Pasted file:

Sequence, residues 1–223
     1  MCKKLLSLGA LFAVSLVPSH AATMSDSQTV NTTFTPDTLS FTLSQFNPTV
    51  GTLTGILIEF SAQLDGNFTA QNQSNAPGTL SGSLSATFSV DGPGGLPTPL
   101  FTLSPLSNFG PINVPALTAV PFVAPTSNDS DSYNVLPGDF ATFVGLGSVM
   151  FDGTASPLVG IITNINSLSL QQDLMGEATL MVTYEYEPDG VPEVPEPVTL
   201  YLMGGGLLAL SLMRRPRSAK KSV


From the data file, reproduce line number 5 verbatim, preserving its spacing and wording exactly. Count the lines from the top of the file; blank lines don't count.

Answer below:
   151  FDGTASPLVG IITNINSLSL QQDLMGEATL MVTYEYEPDG VPEVPEPVTL